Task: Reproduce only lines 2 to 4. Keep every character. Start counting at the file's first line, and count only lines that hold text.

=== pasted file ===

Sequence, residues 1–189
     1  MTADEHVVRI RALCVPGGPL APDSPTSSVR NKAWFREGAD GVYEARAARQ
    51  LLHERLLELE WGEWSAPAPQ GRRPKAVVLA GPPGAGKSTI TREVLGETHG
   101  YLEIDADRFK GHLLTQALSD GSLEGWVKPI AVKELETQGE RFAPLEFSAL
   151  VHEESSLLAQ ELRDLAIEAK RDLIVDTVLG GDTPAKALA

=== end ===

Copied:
     1  MTADEHVVRI RALCVPGGPL APDSPTSSVR NKAWFREGAD GVYEARAARQ
    51  LLHERLLELE WGEWSAPAPQ GRRPKAVVLA GPPGAGKSTI TREVLGETHG
   101  YLEIDADRFK GHLLTQALSD GSLEGWVKPI AVKELETQGE RFAPLEFSAL